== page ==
Antisemitism cannot go unchallenged – by Joan Ryan MP for ProgressOnline. This article is available here.
Free speech and robust debate have long been at the heart of Britain’s universities. Whether it be on campus or in the classroom, nobody should go to university and not expect to hear the beliefs and ideas they have grown up with challenged, tested and possibly ridiculed. That is all part of the experience of being a student.
Over recent weeks, however, we have seen deeply disturbing evidence of a growing atmosphere of intimidation affecting Jewish students. Free speech and robust debate cannot take place in such an atmosphere.
Last week, for instance, students at York university, staged a play ‘Seven Jewish Children’ which the Jewish Chronicle’s theatre critic described as antisemitic, and which the author Howard Jacobson dubbed: ‘Jew-hating, pure and simple’.
Sadly, this is not an isolated example. Last month, there were serious allegations of antisemitism at Oxford university Labour club, including claims that members discussed an ‘international Jewish conspiracy’ and that one member stated that, ‘all Jews should be expected to publicly denounce Zionism and the state of Israel, and that we should not associate with any Jew who fails to do so.’
In January, Jewish students were abused as ‘Nazis’ when they attempted to prevent the disruption of an event by an Israeli speaker at King’s College London. An investigation by the university afterwards concluded: ‘A number of individuals intentionally disrupted the rights of others to exercise freedom of speech within the law’.
The common link in all of these incidents – as well as numerous others – is the fraught debate around the conflict between Israel and the Palestinians. I have no problem at all with people criticising the policies of the Israeli government – I have plenty of my own. In my first event as chair of Labour Friends of Israel I attended a meeting with Benjamin Netanyahu and urged him to freeze settlement building.
All too often, however, legitimate criticisms of the Israeli government morph into attacks on Israel’s right to exist, on the Jewish people’s right to self-determination and into an antisemitic discourse and the use of antisemitic imagery.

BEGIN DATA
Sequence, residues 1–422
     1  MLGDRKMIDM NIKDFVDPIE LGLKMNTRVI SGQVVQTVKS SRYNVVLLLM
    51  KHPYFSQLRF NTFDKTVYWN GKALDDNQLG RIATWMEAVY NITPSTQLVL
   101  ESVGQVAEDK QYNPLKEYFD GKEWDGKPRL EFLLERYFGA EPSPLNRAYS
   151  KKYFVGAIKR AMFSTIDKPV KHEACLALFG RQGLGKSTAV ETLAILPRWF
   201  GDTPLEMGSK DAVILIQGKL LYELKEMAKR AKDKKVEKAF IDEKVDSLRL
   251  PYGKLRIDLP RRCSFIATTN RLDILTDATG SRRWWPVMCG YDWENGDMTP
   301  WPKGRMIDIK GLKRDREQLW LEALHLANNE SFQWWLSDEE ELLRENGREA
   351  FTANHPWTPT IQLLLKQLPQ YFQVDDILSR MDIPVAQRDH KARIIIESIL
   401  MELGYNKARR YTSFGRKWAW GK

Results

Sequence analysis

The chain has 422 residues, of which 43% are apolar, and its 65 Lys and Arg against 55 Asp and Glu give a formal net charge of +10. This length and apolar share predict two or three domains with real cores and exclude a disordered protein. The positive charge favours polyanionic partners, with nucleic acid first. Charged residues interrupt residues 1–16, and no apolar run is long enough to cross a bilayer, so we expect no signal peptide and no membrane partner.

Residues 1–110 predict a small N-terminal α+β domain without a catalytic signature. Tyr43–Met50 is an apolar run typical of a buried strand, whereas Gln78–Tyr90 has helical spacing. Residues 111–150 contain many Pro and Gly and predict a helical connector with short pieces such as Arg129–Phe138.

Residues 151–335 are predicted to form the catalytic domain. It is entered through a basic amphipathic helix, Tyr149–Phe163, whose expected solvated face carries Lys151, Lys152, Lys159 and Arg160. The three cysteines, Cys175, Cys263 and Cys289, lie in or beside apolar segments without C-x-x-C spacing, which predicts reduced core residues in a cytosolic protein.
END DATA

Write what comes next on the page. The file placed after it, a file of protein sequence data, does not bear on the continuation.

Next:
We cannot allow this to go unchallenged. It is time that we establish some clear red lines which allow those who wish to protest against the policies of the Netanyahu government to do so, while protecting Jewish students – many of whom might, indeed, wish to participate in such protests – from feeling intimidated and abused. These red lines are not hard to establish. Both the European Forum On Antisemitism and the US Anti-Defamation League provide concise and clear guidance on the point at which the debate about Israel becomes infused with antisemitism.
First, the use of imagery and language which invoke classic antisemitic tropes and accusations. Some of these – the depiction of Israelis in a manner which comes straight out of the pages of Der Sturmer – are probably not hard for most people to spot. But others – suggestions of Jewish conspiracies and cabals shaping western policies towards Israel or the evocation of the medieval blood libels – are no less pernicious and, sadly, all too evident in some of the criticisms levelled against Israel.
Second, the denial of the right of the Jewish people to self-determination and claims that equate Zionism with racism.
Third, the drawing of comparisons between Israeli policies and those of the Nazis. As the ADL argues, such charges are ‘purposefully directed at Jews in an effort to associate the victims of Nazi crimes with the Nazi perpetrators and serves to diminish the significance and uniqueness of the Holocaust’.
Fourth, holding Jews collectively responsible for the actions of the state of Israel.
Finally, the application of double standards which demand of Israel behaviour not expected of any other democratic nation.
There is a responsibility on all of us – political parties, university authorities and student unions, campaign groups and trade unions – to lead, educate, and to make clear that this important debate has its boundaries, and that they will be rigorously enforced.
Joan Ryan MP is chair of Labour Friends of Israel and member of the Progress strategy board